The Impossible Box is a interactive controller box. Made from found wood, recycled screws, controllers from old game consoles and other found bits. The box (around 50cm by 40cm by 30cm) and its 32 buttons, switches and joystick, once attached to a projector, allows the user/player/reader to explore the plunders and terrors of industrial waste, mining machines left for dead, the remains of heavy movement and processes.
The box, when played/pressed is an unruly crowd or an ex-dairy farm valley confused about which direction the nature should grow. It’s being lost in the rusted husk of metal machines, and being guided by a stranger whose intentions are clear and unclear, alternating every block. It controls and confuses, arranges and then destroys all manner of poetics texts. Images, sounds, words, movements, arise, grow, knock and explode with the pressing of 32 different buttons and switches.There is a sequence. There are answers inside The Impossible Box. Indeed, within the correct combination of presses and clicks, the appropriate sequence of actions and reactions, there is an answer, a final destination, a masterwork of such splendor and alarmingly wondrous perfection, your heart would hold such gravity, all things would crush into your chest.
And in the most real way it is a box, a handmade wooden box with holes and wires and computing gizmos coughing sequences into a device that spits light onto walls and sound from its hollow heights. And in the most surreal way The Impossible Box is us, our lives, our daily and hourly functions, pressing what needs to be pressed to cross the street, have babies and accumulate cluttering objects.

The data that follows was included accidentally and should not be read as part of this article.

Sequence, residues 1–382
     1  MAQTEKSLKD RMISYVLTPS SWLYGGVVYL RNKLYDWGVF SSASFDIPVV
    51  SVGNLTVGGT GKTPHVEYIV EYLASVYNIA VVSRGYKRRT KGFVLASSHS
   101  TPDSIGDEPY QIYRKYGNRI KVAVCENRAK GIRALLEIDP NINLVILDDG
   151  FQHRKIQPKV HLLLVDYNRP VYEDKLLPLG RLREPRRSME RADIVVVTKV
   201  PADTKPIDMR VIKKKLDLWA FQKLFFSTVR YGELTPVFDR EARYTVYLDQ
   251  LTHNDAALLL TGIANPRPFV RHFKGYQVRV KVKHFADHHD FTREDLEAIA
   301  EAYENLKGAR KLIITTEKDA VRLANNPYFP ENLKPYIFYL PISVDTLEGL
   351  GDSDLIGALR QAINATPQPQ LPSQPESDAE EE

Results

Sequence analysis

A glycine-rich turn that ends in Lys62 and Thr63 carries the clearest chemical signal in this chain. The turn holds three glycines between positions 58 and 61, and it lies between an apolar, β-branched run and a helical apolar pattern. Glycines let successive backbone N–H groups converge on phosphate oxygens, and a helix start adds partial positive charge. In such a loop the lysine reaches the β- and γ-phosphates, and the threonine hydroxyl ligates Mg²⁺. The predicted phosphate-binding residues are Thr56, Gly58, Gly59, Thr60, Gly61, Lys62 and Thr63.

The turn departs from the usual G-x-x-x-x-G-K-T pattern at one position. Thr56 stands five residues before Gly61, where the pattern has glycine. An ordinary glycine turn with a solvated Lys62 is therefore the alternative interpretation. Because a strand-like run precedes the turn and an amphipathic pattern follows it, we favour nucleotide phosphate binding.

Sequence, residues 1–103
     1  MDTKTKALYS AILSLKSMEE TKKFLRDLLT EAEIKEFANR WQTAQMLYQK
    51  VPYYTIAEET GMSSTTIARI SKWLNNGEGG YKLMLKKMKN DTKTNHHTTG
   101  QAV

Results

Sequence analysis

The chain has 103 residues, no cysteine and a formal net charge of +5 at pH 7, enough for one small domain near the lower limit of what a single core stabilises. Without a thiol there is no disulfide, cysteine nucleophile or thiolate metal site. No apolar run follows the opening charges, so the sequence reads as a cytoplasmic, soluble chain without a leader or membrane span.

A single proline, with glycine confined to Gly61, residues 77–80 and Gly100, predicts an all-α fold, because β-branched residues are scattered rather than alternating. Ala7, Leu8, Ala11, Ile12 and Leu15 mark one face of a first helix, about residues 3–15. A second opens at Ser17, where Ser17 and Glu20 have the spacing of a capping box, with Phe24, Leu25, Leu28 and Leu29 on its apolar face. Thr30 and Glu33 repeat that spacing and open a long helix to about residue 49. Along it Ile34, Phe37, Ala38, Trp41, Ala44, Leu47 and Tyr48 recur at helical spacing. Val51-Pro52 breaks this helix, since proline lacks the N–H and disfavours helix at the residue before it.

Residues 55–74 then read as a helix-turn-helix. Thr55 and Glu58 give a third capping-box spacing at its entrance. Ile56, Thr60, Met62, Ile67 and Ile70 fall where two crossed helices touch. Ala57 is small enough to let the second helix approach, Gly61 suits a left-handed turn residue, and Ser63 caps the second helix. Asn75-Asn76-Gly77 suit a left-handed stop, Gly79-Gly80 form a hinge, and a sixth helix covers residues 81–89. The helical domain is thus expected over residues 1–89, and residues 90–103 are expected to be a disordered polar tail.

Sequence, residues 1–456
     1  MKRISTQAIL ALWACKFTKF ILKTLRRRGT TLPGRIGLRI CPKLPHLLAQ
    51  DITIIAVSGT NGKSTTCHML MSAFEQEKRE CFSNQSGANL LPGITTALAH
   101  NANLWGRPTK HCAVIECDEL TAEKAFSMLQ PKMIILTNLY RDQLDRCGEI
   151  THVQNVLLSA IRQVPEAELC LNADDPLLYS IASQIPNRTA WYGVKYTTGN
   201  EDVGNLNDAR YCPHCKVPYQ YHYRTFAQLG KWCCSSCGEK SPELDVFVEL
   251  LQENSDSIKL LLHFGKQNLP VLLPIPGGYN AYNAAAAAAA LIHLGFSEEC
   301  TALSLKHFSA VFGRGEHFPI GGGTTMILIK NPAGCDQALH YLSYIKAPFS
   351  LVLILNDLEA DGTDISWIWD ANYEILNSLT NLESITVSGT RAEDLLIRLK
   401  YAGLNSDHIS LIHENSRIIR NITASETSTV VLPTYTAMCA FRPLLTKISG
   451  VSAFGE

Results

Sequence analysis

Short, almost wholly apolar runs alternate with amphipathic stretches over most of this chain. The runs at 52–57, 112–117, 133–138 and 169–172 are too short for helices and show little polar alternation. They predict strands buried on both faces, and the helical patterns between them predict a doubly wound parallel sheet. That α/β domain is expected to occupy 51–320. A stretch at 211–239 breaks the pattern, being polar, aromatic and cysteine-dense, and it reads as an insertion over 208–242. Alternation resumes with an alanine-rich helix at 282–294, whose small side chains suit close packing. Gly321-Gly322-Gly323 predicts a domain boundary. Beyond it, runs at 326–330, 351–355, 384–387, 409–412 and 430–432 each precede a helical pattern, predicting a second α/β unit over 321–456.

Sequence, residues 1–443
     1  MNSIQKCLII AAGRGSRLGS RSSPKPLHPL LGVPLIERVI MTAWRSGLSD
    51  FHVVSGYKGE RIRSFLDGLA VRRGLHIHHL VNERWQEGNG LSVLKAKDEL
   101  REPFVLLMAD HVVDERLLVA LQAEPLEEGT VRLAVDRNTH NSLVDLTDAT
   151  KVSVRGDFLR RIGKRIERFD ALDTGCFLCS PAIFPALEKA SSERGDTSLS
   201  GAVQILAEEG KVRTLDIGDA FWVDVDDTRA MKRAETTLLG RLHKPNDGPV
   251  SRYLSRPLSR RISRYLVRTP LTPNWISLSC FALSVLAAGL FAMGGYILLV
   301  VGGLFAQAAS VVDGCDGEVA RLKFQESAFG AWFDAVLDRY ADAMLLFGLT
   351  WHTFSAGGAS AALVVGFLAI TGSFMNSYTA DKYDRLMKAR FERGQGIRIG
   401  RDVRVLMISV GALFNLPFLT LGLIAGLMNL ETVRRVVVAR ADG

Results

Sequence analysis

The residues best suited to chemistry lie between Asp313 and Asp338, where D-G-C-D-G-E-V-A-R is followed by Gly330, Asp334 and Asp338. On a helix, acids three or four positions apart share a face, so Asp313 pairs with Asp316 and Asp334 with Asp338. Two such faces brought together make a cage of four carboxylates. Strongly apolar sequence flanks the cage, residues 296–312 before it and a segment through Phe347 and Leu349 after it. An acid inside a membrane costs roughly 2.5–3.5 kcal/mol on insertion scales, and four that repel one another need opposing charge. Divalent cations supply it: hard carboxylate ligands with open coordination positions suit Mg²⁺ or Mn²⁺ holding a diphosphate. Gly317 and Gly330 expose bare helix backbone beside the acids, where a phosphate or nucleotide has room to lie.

sWith all this said, with all these prancing lines shoving words into other words, I am required, required by both laws, real and internal, to preface your reading The Impossible Box with a warning. Every person who truly explores the box, its contents and controls, all those who attempt to find the possibilities inside its wires and algorithms will become entangled.
On the quantum level your being, your electric cells will become entangled with those of others. The Impossible Box will change you, tether you on the quantum level to others who also read and play and explore the box. And I cannot, am not able, to either control the who and where and how the entanglement will transpire, nor can I tell you when it will happen.
But there will be a moment, at some point, after pressing a certain button, after a certain sequence, with poetic texts rushing into your brain, when you will become The Impossible Box. And careful intention is the quickening of the valley fires, and the river is always the safest place to hide.
Professor, Griffith University, Brisbane, Australia
And Fulbright Artist/Scholar at the University of Bergen (8/16-7/17
Coming from Australia, Jason Nelson is a creator of curious and wondrous digital poems and fictions of odd lives, builder of confounding art games and all manner of curious digital creatures. He professes Net Art and Electronic Literature at Australia’s Griffith University in subtropical metropolis of Brisbane. Aside from coaxing his students into breaking, playing and morphing their creativity with all manner of technologies, he exhibits widely in galleries and journals, with work featured around the globe at FILE, ACM, LEA, ISEA, SIGGRAPH, ELO and dozens of other acronyms. There are awards to list (Paris Biennale Media Poetry Prize), organizational boards he frequents (Australia Council Literature Board and the Electronic Literature Organization), and numerous other accolades (Webby Award), but in the web based realm where his work resides, Jason is most proud of the millions of visitors his artwork/digital poetry portal http://www.secrettechnology.com attracts each year.